which exist elsewhere which are not discussed on line.

I have read very little of the dns-related mailing lists
because I had a hard time to find any substance above all the
noise.  People claiming to "own the earth" and other nonsense
like that.  Many people may have been talking about doing things
on these mailing lists, in their leisure time, as a hobby, whatever,
but actions DO speak louder than words.  It was the decision of
members of name.space to proceed with our ideas for development
and actually implement them.

As a result, name.space was the first to deploy a totally
automated name registration/record creation/accounting system.
The open model for public toplevel names has gained a remarkable
acceptance from our users.  In fact, the messages of thanks and
encouragement are in the majority.  Just read some of the comments
on the open forum on the name.space website.  The recent flames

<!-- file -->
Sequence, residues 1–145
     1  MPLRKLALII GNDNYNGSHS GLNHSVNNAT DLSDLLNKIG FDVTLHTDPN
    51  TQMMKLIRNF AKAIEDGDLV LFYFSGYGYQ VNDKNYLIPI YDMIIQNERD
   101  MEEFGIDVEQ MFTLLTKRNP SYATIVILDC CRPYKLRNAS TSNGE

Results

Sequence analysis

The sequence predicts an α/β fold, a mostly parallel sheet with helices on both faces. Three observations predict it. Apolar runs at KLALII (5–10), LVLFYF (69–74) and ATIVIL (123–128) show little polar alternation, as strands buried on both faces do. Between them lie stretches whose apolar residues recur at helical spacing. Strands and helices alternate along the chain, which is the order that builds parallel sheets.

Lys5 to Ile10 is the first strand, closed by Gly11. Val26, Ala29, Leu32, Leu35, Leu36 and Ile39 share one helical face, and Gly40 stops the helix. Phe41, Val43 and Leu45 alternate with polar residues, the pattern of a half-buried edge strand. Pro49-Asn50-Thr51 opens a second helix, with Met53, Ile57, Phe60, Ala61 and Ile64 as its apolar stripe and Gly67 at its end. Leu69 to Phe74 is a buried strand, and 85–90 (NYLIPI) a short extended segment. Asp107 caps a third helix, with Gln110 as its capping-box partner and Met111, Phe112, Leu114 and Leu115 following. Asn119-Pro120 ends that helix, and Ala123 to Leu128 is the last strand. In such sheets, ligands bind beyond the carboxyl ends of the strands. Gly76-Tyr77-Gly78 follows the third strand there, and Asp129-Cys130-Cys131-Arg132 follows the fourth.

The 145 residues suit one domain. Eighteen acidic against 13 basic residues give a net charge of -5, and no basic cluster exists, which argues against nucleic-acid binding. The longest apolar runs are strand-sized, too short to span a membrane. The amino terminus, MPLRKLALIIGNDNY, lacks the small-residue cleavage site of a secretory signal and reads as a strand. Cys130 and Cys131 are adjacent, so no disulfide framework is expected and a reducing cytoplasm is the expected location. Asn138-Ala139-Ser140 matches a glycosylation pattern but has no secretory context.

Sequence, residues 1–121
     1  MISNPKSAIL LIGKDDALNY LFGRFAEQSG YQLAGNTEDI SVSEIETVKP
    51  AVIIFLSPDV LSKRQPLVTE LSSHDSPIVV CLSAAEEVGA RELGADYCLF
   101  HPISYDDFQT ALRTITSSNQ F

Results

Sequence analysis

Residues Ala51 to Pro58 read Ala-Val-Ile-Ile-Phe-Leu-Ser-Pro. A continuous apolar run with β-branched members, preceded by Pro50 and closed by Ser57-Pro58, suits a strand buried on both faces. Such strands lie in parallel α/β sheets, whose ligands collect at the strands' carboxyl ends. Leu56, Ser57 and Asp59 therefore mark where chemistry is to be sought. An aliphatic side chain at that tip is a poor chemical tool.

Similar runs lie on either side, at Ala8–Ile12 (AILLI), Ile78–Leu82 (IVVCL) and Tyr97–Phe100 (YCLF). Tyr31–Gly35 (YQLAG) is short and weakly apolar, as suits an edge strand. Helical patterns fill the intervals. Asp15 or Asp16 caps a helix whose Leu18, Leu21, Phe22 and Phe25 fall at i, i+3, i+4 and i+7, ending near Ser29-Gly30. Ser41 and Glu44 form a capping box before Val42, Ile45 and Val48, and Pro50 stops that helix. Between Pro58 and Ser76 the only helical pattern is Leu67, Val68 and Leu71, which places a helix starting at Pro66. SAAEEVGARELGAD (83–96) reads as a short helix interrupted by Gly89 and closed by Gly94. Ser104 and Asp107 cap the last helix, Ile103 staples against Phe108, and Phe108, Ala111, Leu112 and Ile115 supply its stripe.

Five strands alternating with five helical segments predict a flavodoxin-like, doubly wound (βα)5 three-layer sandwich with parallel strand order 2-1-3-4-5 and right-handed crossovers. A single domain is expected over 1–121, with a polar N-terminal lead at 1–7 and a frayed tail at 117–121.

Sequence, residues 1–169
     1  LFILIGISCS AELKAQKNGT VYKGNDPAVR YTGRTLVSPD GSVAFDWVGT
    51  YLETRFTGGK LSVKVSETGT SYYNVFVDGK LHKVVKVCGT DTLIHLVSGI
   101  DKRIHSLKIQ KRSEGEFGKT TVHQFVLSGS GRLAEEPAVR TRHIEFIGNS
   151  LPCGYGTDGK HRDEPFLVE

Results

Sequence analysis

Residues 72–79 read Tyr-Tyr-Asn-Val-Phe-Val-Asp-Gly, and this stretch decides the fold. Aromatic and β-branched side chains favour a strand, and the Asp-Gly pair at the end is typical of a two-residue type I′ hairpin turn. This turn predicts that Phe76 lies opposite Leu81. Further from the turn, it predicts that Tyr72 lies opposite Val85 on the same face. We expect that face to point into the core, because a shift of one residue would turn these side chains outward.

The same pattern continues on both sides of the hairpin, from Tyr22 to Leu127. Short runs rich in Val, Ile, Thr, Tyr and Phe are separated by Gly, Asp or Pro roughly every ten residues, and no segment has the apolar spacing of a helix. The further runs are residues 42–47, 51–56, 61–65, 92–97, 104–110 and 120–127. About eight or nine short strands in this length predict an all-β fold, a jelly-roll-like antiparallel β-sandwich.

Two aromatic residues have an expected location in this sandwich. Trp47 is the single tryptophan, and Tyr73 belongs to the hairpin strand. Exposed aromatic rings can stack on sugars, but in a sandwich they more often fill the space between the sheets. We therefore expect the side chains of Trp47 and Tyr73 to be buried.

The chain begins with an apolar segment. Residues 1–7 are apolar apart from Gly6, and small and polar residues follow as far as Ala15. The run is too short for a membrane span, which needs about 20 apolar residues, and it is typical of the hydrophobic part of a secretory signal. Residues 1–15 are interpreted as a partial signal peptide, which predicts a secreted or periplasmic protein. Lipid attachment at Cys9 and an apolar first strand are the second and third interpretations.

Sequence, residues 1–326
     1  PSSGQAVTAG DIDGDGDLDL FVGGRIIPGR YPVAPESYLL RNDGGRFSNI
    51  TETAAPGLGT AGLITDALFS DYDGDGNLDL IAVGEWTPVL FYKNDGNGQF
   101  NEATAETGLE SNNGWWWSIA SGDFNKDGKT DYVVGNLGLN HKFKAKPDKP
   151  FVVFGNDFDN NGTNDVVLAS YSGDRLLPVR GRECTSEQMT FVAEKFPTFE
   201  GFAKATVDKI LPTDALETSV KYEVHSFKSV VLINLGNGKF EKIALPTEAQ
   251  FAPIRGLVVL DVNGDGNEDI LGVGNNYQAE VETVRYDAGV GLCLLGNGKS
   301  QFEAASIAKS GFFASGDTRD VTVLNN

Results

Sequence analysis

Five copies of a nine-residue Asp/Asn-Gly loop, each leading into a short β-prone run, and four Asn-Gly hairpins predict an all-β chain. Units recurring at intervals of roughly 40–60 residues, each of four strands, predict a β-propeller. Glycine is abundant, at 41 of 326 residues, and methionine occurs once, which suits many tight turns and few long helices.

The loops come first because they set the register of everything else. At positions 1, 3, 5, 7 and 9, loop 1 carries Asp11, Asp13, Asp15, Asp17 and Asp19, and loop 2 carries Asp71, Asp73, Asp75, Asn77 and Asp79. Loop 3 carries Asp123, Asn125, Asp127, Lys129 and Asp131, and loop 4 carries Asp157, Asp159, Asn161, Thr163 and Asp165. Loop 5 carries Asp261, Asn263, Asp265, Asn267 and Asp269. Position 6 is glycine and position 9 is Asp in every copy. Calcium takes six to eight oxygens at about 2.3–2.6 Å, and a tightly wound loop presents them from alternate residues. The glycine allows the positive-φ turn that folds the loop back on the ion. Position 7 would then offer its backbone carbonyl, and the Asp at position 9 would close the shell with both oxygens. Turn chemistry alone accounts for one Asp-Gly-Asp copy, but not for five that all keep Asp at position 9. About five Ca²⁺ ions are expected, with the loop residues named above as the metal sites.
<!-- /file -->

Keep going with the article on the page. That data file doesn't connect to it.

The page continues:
are the voices of a very small but vocal MINORITY.  Don't be fooled
by them.

If you want to hear the news about name.space, listen to the source.
Right here.  All else is interpretation, rumor or misinformation.

For example, current legal situation:

One individual related to the alternic group, who claims to
"own" the word "web" as a toplevel domain is suing IAHC, IANA,
and a host of others for "infringing" on his property.  I havn't
read the legal grounds for his argument, having not been served
papers for carrying "web" (name.space, in accordance with its
dispute policy has temporarily suspended serving "web" until
a decision is made in the lawsuits between iodesign and IAHC, et. al).

In one argument, a nettime reader posted:


>       There are now a number of organizations engaged in distributing
>"TLD"s (top-level domains): I turned up agn.net, Root64.net, MCS.net, and
>vrx.net in a few minutes of searching. And, of course, there's alternic. As
>Rop and many other's criticisms have implied, the failure of these various